The day: Thursday, the place: Ubud. The event: Literary Lunch with Hong Kong's Nury Vittachi and Australia's George Negus.
Because I knew I would want to do a little drinking, I rode in to the luscious hotel Maya Ubud in a festival vehicle. I joined in with a gaggle of stylish Australian women who mostly had not met until this festival.
They all know TV journalist George Negus from their home country. I do believe I've seen his show on ABCTV via satellite here in Bali. If I'm not mistaken, this was Negus. If I am mistaken, I apologise. The odd thing is, the particular interview which I viewed happened to be a chat with a gynecologist. The two men were speaking about menopause with utter seriousness, dragging their drawling Okker Aussie accents through an in depth view of Hormone Replacement Therapy and possible alternatives. It was as surreal as a Saturday Night Live sketch. Hey, good on them for tackling the subject, but what a scene! Once in a while, if we are surfing with the remote control, I say to my husband, "do you think we might be able to watch macho menopause again?"
Well, perhaps that introduction is unfair. But let me say that the moment we ladies slammed the doors and headed off to the Maya, the car came alive with titters about George's fauxes pas of the day before. Apparently shoved into a session about Islamic literature at the last minute, George had seized the opportunity to show his great knowledge of Islam and the Arab world. I have no quotations to support or deny the truth of this, but the opinions around me were that he dominated the discussion, concentrated on Arab Islam, and potentially insulted every muslim in the room. To be sure, he has written a book called The World of Islam, but I don't believe this makes him an expert. Alas, George would present himself throughout the festival as a man blessed with the gift of gab, glibness being what gets you through live television and, perhaps, uncomfortable moments under the limelight. I sympathise that he was drafted for a panel at the last minute. But read on.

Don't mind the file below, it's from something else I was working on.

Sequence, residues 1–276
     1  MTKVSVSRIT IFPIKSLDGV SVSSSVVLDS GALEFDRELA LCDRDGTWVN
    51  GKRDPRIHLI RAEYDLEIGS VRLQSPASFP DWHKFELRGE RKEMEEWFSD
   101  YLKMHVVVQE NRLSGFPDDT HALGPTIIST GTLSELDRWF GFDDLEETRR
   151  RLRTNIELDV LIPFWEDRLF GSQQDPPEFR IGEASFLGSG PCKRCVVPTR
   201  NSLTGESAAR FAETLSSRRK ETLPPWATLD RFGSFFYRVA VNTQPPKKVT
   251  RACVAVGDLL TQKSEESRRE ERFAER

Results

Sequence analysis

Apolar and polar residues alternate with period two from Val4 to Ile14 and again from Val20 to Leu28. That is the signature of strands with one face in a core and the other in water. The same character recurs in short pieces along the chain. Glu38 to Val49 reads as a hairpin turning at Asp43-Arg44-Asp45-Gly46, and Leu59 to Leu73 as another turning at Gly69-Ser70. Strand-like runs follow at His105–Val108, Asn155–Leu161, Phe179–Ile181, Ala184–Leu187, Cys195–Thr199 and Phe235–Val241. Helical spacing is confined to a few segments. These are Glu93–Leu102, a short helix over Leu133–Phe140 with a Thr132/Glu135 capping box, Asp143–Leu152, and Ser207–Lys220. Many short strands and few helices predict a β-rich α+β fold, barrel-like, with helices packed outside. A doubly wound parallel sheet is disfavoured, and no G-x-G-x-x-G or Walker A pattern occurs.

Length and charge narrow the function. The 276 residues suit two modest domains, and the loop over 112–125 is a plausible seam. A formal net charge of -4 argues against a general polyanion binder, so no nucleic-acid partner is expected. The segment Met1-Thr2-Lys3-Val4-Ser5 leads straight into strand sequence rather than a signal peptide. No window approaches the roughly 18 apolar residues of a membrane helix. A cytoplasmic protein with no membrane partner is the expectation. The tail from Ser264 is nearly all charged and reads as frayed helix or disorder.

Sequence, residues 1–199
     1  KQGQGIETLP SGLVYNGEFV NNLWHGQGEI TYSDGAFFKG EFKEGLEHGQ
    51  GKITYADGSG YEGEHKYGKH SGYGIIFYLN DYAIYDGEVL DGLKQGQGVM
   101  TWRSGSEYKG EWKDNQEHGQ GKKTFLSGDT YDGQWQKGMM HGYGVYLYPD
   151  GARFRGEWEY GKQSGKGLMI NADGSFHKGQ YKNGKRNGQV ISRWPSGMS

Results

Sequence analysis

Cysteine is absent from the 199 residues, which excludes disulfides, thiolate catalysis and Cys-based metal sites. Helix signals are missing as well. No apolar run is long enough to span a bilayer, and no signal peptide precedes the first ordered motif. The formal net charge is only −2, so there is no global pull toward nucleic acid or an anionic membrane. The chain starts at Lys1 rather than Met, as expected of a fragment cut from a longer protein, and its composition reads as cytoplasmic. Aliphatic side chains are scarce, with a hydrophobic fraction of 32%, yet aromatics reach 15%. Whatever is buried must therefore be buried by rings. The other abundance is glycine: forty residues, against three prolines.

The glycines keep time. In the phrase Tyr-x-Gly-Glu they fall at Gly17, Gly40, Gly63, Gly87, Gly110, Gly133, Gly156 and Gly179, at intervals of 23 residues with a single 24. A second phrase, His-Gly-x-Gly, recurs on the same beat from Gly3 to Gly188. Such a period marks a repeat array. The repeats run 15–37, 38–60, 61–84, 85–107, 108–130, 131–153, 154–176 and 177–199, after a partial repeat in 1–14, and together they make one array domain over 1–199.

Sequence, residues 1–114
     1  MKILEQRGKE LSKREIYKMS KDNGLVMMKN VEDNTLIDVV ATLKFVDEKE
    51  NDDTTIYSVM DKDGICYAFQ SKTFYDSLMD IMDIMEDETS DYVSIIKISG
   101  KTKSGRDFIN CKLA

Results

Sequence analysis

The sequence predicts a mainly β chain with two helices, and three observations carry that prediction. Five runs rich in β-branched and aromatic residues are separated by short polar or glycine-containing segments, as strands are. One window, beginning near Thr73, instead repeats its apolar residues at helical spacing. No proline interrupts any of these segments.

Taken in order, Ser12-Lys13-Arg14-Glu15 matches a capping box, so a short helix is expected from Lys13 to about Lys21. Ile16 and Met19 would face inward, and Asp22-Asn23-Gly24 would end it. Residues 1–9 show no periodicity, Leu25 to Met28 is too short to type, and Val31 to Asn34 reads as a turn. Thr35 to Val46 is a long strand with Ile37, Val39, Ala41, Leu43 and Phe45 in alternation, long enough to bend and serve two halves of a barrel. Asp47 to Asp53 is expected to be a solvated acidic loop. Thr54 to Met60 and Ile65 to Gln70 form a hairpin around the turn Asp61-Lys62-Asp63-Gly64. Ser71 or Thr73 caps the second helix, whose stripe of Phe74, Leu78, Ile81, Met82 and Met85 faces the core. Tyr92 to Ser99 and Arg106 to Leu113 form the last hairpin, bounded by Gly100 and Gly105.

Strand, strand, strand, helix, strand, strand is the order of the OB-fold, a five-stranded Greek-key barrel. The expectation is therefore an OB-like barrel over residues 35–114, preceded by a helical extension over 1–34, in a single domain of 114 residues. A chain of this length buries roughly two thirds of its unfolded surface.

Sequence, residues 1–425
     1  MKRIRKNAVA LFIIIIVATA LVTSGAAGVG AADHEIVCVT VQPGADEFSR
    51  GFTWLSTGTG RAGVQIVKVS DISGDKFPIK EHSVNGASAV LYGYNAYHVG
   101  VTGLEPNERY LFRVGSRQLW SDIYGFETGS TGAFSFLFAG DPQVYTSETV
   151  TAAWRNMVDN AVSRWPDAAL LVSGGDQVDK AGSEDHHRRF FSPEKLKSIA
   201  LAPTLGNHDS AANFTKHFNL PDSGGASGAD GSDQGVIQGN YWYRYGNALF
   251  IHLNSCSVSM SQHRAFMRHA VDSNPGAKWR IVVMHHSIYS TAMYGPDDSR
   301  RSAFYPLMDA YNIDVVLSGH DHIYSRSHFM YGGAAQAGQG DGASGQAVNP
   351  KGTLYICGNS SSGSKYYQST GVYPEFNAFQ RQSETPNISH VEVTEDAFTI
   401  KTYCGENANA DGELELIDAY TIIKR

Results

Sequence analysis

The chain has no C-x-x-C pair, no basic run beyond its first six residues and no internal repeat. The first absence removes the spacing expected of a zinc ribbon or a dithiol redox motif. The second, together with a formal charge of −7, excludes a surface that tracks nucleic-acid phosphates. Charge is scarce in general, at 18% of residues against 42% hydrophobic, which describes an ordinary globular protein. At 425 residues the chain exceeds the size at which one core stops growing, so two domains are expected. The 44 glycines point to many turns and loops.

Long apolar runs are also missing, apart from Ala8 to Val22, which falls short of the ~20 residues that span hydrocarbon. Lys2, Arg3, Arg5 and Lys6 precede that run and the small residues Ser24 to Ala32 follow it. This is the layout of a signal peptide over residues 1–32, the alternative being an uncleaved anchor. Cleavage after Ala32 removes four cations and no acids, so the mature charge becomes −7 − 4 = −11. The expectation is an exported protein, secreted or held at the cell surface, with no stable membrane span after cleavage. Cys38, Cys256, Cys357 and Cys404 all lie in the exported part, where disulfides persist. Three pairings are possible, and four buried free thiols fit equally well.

George and Nury took to the stage just as we finished our main course. The Maya Ubud is such an elegant place, in sumptuous gardens, with amazingly refreshing breezes wafting in from the ravine. Nury didn't have a glass of wine at hand, but George did. And why not, for the food and wine and atmosphere were so seductive and relaxing. They bantered about Nury's muliticultural awarenesses and background. Nury joked about the ridiculously bland names of buildings in Hong Kong. George got things steered around to religion, sex, and politics, self consciously & humorously pointing out the problems of doing so. Well, here's where George repeated himself. I myself got to hear Negus in a panel on Monday, remarking that there needs to be a new religion which, right off the bat, reveals to all its followers that nothing is known, nothing is claimed, and there aren't any rules. He said it at the Maya again. In a way, he was paraphrasing something Michael Vatikiotis had said about urging Moderates of the World to unite, but I do believe that George was on his own when he said the UN needs to meet to discuss the problem that extremist views have on the world. And there was no mistake that this was about religion. Oy! Not nice.
More later, am dining with an author now. This was really the only black spot in a fine festival.